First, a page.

Figure 12.16 Cohort of Argyrodendron sp. seedlings in a protected niche at the base of a mature tree of that same species growing in a rainforest on Atherton Tableland. Scale bar = 15 cm. (Photograph courtesy P.E. Kriedemann)

Competition for light is intense, and a sunfleck shown passing over this tiny population would be providing a much-needed source of sunlight, namely a few minutes of around 1,500 µmol quanta m-2 s-1 compared with background photon irradiance of around 150 µmol quanta m-2 s-1.

Patches of sunlight move across the forest floor on bright days, and will illuminate any leaves or parts of leaves which lie in their path (Figure 12.17). Daily total photon irradiance on the occasion of the measurement shown in Figure 12.17 was 6.0 mol quanta m-2 d-1). The abrupt increase from a background level of around 50 µmol quanta m-2 s-1 to 1,750 µmol quanta m-2 s-1 energises photosynthesis, but is counteracted by increased leaf temperature, especially during prolonged exposures. Transpiration cooling is a significant component of heat budgets for such large leaves, so that adequate soil moisture is a prerequisite for continuing leaf gas exchange during a sunfleck.


Figure 12.17 Natural variation in photon irradiance and leaf temperature experienced by Alocasia macrorrhiza growing in the understorey of a North Queensland rainforest. (J.R. Watling et al. 1997a, b)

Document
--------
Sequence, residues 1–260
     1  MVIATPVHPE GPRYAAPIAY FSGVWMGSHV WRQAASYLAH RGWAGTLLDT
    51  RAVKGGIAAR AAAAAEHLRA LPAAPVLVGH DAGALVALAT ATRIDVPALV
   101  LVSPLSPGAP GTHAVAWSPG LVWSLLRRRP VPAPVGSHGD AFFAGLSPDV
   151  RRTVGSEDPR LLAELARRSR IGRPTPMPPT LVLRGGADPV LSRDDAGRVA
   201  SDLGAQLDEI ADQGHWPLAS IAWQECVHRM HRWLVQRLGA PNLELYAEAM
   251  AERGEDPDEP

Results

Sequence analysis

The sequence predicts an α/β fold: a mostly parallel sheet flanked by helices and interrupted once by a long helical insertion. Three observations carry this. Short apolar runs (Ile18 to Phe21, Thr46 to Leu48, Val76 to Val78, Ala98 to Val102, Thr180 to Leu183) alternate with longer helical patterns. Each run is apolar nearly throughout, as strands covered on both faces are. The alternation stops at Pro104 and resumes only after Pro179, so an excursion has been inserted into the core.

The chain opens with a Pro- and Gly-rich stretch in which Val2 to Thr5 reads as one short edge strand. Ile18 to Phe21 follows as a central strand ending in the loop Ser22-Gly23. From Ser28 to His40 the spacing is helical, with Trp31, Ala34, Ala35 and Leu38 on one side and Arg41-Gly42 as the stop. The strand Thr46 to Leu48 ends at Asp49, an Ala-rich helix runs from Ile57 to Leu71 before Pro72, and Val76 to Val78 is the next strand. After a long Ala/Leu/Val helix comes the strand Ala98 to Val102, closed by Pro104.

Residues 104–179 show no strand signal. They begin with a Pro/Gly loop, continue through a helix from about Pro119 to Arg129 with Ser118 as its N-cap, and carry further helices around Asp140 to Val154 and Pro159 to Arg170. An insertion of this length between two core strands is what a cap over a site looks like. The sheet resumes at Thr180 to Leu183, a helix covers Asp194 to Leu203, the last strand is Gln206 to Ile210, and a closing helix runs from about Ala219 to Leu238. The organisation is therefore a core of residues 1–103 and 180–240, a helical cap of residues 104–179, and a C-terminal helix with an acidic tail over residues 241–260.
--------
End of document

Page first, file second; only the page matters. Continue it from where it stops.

Sunfleck frequency will be an additional factor for carbon gain during exposure to strong photon irradiance. Photosynthetic induction state diminishes to a minimum after 30 min in low light (see Figure 12.18 below) and some minutes are required to regain full capacity in strong light. Infrequent sunflecks are thus used with reduced efficiency.

Sunflecks and sun patches are of potential use to understorey plants for photosynthesis, but is this potential realised? Growth of understorey tree seedlings has been shown to be correlated with the amount of direct light received in sunflecks, and up to 60% of carbon gain in such environments has been attributed to this source. However, when compared with expected values based on the known steady-state response of plants to light, sunfleck utilisation is often below predicted values (Pfitsch and Pearcy 1989). Moreover, species vary in their capacity to utilise sunflecks. Watling et al. (1997a) measured the growth of four Australian rainforest species under simulated sunfleck regimes and showed that sunflecks contributed to growth in two species (Diploglottis diphyllostegia and Micromelum minutum), whereas the other two species (Alocasia macrorrhiza and Omalanthus novo-guinensis) were unable to make effective use of sunflecks.

Factors underlying this variation in sunfleck utilisation efficiency

Two components of a plant’s photosynthetic physiology will determine how the light in a sunfleck is used. Firstly, photosynthetic capacity (Pmax) will set a ceiling on the amount of light a plant can use. Secondly, a few minutes of illumination at least are needed for PCR cycle intermediates to reach critical levels, and this ‘induction requirement’ of photosynthesis determines how quickly a leaf can respond to an increase in photon irradiance.